The state had argued that release of the records might constitute an invasion of privacy into the lives of those named, including living victims and witnesses. The Court recognized the heightened privacy interests of these individuals and found that based on the appropriate balancing test the privacy interests of the dead could be overcome by public policy concerns but those of the living could not. "The Superior Court concluded, in effect, that any residual personal privacy rights that could be claimed by those named in the documents sought by Blethen are nominal and `must bend to the public interest.' The court declined to redact the names of living persons and other identifying information because of `how much information would have be taken out and the extent to which this information is likely already known, at least at a local level.' We have concluded that although the privacy rights of the deceased priests and their families are, at most, minimal, the residual personal privacy rights of the living individuals named in the records persist, albeit tempered by the manner in which the information was reported to public and church officials....Accordingly, we conclude that the public interest in the disclosure of the records is substantial and the public interest supporting disclosure can be realized even with the redaction of all identifying information regarding the persons identified in the records other than the deceased priests. On balance, the identified public interest exceeds the privacy interests associated with the records once they are redacted. We therefore affirm the court's determination that the records requested by Blethen should be disclosed...." The decision was 4-3.
Read the entire opinion here.
The 10th Circuit Court of Appeals has affirmed the jury verdict in the case of Century Martial Art Supply v. National Association of Professional Martial Artists and International Ikon, Inc.,, originally filed in the Western District of Oklahoma. Century claimed among other things that NAPMA and IKON had engaged in "defamation, tortious interference with existing and/or prospective business relationship, deceptive trade practices, and unfair competition."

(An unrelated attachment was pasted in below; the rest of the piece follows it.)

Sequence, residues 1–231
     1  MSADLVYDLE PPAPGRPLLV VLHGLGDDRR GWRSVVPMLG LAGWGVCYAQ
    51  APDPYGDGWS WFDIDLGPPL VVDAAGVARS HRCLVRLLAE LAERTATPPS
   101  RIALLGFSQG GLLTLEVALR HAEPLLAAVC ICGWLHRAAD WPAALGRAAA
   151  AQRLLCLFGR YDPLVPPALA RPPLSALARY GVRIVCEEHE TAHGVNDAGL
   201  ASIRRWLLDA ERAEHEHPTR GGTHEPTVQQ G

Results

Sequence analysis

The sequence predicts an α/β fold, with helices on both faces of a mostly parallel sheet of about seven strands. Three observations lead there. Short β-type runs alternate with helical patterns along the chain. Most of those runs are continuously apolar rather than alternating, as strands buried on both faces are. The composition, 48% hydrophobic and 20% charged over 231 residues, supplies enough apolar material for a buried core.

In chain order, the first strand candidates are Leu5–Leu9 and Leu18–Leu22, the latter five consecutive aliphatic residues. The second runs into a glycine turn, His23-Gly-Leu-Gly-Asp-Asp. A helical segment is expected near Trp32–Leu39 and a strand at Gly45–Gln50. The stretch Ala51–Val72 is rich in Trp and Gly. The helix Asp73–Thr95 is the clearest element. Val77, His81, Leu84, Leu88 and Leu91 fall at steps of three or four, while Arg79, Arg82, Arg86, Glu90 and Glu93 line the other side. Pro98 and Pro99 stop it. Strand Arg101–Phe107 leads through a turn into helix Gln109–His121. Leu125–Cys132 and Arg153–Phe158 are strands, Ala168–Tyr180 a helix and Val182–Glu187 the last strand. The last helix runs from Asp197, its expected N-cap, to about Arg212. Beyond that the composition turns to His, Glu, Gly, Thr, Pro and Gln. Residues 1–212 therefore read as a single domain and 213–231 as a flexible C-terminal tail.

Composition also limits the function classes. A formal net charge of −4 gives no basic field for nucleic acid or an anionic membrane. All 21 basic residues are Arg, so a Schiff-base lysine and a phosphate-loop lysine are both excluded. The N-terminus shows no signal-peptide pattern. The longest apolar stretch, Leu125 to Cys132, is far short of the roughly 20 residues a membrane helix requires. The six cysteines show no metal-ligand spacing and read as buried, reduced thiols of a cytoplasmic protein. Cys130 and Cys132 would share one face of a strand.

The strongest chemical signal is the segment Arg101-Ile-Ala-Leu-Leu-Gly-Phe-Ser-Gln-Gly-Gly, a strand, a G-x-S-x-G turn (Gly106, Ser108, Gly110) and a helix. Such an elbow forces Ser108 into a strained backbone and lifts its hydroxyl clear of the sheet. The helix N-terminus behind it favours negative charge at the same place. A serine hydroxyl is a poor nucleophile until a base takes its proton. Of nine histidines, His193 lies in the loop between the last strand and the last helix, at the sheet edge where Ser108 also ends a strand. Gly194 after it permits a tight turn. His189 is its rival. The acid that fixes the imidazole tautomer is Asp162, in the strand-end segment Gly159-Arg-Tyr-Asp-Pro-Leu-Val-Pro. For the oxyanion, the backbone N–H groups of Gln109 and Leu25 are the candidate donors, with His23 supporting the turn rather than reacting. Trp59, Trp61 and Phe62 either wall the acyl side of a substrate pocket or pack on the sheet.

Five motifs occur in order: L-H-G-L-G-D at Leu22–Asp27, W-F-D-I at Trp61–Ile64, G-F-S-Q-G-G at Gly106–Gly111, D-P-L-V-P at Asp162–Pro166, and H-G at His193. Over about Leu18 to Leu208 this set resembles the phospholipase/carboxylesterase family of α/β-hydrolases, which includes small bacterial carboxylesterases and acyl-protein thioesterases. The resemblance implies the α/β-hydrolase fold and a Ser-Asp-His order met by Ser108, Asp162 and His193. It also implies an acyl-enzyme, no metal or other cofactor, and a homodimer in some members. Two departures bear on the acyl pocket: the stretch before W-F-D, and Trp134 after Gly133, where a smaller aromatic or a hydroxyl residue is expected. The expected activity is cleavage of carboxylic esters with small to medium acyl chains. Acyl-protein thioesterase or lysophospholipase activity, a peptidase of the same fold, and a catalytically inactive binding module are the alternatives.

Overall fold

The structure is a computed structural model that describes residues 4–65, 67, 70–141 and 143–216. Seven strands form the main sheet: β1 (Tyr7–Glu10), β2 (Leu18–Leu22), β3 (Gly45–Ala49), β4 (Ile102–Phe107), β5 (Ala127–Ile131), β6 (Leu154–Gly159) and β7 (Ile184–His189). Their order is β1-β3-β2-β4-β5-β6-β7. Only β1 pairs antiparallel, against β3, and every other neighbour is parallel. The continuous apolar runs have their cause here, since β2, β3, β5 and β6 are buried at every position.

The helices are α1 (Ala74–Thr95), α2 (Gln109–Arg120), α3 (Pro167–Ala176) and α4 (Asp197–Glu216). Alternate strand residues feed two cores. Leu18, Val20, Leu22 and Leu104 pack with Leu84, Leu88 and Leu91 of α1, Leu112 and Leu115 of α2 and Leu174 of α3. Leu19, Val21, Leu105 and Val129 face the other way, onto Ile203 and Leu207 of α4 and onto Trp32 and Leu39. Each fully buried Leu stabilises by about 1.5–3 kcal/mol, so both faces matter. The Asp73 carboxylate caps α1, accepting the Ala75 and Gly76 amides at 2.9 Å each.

Century sells martial arts supplies to martial arts schools, many of which are members of NAPMA. In 2001, NAPMA began marketing rival products to its members "under the IKON brand name." In its mailings to its members "it included a chart which compared three IKON uniforms with three Century uniforms....The information about Century's unifrom was false and the discount information was misleading." As a result, Century's sales began declining. "The President/CEO of Century contacted Graden to ask that he stop publishing inaccurate information about Century's uniforms. Graden responded that `he would print whatever he wanted; it was his magazine.'" Some of the information from the comparison chart was reprinted in an e-mail NAPMA sent to its web-site subscribers. In turn, that e-mail was reprinted in Graden's Martial Arts Professional magazine. NAPMA repeated the allegations about the fabric content (cotton/polyester percentages) and weight of Century's uniforms but noted that Century stated these figures were false....The e-mail also stated `If the comparison is inaccurate, a letter from Century is all that is needed. Instead they use the profits that they get from the industry to attack us...We receive weekly calls saying Century is out to get us. I guess this is the first shot. What is Century afraid of?'....Century indicated at trial that it already had sent such a letter when these statement[sic] were made."
The 10th Circuit noted that the jury found for the plaintiff "on all four claims and found the evidence that the defendants acted with reckless disregard was clear and convincing. The jury award Century both compensatory and punitive damages." It rejected the defendants' claims on appeal that the district court "erred in permitting the jury to consider privileged or constitutionally protected statements in support of Century's claims", finding that "were we to consider these belated defenses now, it would be Century who could claim a miscarriage of justice. Century prepared for trial and presented evidence without anyn otice from defendant that reference to statements made by Graden would violate his First Amendment rights or were in some way protected by statutory privilege." The appellate court was also unconvinced by defendants-appellants' other arguments. Read the 10th circuit's opinion here.